A black bear rambles along the side of the Barkerville Highway near Wells on Saturday, June 13. (Sasha Sefter - Quesnel Cariboo Observer)

A black bear rambles along the side of the Barkerville Highway near Wells on Saturday, June 13. (Sasha Sefter - Quesnel Cariboo Observer)

Editorial: Feeding wild animals a terrible idea

The thing is, you’re not helping it by feeding it.

Apparently, it still needs to be said.

Don’t feed the bears.

Seriously, how do some people not get it by now? Yet almost every year, sometimes on multiple occasions, officers from the B.C. Conservation Service have to remind people that it’s a really bad idea to try to lure a wild animal in your direction with food.

The first caution this year was given in the Cowichan Valley earlier this month, after officers got reports of people try to feed a wild bear near Youbou. People were spotted getting out of their cars on the side of the road where a young bear was feeding on grass and trying to give it food. Since some still need the reminder we’ll once again reiterate: don’t do that.

And the advice doesn’t just apply to bears, but to all other wild animals as well, from deer to elk to cougars.

There are a number of different reasons why people to offer these creatures food.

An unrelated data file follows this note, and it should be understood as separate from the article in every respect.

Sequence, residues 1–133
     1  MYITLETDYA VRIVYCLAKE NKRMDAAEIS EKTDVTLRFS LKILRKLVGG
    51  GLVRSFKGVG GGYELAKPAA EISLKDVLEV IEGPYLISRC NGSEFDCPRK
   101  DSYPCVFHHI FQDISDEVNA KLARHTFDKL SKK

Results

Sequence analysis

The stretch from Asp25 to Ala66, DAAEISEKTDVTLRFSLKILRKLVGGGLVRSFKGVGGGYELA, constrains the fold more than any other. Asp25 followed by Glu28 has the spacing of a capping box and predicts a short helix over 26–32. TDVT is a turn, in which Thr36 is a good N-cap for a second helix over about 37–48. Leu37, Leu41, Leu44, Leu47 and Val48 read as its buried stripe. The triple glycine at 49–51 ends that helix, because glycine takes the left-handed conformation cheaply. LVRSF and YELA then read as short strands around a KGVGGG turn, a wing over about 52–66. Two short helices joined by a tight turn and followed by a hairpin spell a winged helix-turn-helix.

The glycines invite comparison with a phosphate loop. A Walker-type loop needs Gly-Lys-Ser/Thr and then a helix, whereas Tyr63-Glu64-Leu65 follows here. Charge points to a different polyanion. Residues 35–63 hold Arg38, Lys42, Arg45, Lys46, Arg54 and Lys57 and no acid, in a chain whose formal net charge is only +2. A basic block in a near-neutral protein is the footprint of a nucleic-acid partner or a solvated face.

The one that draws the most charitable response from us is that they are trying to help. They may feel a baby has been abandoned if they don’t see an adult nearby, or they may feel a particular animal looks thin. The thing is, you’re not helping it by feeding it.

You are habituating it so that it is no longer afraid of humans. It is almost always better for everyone involved, including the wild animal, if it remains afraid of people. If it becomes too used to people and the idea that people mean food, well, one day someone might become the food if they do not give it what it wants. Once a wild animal has attacked a human, it will likely need to be tracked down and put down. It doesn’t matter that it doesn’t particularly harbour any ill intent, it is simply too dangerous to have some wild animals too close to our population. If it is young, it may never learn the skills it needs to survive on its native diet in the wild, so used to your handouts. What happens when you move away and the bear or deer you’re feeding comes looking for the meals you’ve always provided?

In the case of young animals, deer in particular, adults will leave them for hours at a time while they forage, but if they come back and smell human on their young, they may reject the baby. Again, you haven’t helped.

Do we even need to spell out how stupid it is to lure a wild animal close to you so you can take a selfie, or shoot some video for social media. Just don’t.

Don’t feed the bears.

Editorials